Thank you to all our readers, thanks to all our advertisers and writers… and to everyone who has been supportive and who has been a part of Cooks Source. To one writer in particular, Monica Gaudio, I wish you had given me a chance.

You can read the whole thing here.

What a shameful way for Judith Griggs to exit the stage.

Update 1: Here’s Monica’s response.

Update 2 (11/17/10, morning): In a new article in the Daily Hampshire Gazette, Dan Crowley reports that Judith Griggs is officially shutting down Cooks Source magazine:

“Cooks Source is gone,” Judith D. Griggs said Tuesday, just days after personally distributing her last issue of the free magazine in western New England. “It’s done.”… In a phone interview Tuesday, Griggs said she will leave her statement up a few more days before eliminating the Cooks Source website altogether.

Update 3 (11/17/10, afternoon): The Cooks Source website is gone. Here’s the Google cache of Judith Griggs’ final statement.

Monica Gaudio has posted copies (with dates) of all of her e-mails to Judith Griggs, but she can’t publish the full text of the e-mails she received without permission.

But honestly, Cooks Source, your apology needs work

The Cooks Source website has been replaced with an unsigned statement (in serious need of editing) which eventually gets around to apologizing for the unauthorized publication of Monica Gaudio’s article in a very passive “mistakes were made” way. Without explicitly acknowledging that their entire business model appeared to be based on reprinting articles from food blogs and websites without permission or payment (see Ed Champion’s post identifying other articles as well as this spreadsheet listing the original sources of dozens of articles reprinted in Cooks Source), they do promise to change their ways.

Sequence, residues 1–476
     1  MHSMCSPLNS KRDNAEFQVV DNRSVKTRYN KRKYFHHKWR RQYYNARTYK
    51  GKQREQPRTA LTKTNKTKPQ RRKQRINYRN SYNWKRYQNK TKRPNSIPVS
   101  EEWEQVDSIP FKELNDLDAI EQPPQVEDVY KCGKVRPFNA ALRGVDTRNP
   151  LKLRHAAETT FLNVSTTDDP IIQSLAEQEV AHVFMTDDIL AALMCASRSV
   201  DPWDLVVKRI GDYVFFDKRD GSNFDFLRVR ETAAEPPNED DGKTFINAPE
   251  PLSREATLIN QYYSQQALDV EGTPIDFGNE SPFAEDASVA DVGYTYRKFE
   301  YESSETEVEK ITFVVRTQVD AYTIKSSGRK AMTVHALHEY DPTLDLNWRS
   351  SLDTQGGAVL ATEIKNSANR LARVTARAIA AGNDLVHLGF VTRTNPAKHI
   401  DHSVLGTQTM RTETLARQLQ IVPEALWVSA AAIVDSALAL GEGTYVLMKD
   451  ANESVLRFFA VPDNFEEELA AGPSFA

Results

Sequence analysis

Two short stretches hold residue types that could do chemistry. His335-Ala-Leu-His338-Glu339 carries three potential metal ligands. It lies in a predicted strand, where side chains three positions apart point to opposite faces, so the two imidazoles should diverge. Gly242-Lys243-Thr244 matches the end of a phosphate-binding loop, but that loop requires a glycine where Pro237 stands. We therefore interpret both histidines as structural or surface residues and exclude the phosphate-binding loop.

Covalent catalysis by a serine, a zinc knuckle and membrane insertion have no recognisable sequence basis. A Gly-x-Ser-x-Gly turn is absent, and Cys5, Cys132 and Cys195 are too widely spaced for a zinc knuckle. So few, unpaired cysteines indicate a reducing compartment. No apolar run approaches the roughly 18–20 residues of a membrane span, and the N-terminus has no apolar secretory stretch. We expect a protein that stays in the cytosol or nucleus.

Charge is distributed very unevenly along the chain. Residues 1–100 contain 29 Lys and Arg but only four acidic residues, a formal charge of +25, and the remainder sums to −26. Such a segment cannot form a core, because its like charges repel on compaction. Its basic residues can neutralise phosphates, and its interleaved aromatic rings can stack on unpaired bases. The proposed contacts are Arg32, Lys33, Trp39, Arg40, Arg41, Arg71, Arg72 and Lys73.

Much of the statement is actually about the attacks on the Cooks Source Facebook page, the fake Facebook pages and Twitter accounts, and the harassment of advertisers. (The situation clearly escalated out of control and did lead to cyber-bullying and trolling. I don’t have a lot of sympathy for Judith Griggs because of her copyright infringement and her shocking and arrogant e-mail to Monica, but the rampaging internet hordes went too far with the personal attacks and the harassment of the advertisers.)

Here’s what the statement says about the misuse of Monica’s article and future changes:

Last month an article, “American as Apple Pie — Isn’t,” was placed in error in Cooks Source, without the approval of the writer, Monica Gaudio. We sincerely wish to apologize to her for this error, it was an oversight of a small, overworked staff. We have made a donation at her request, to her chosen institution, the Columbia School of Journalism. In addition, a donation to the Western New England Food Bank, is being made in her name. It should be noted that Monica was given a clear credit for using her article within the publication, and has been paid in the way that she has requested to be paid.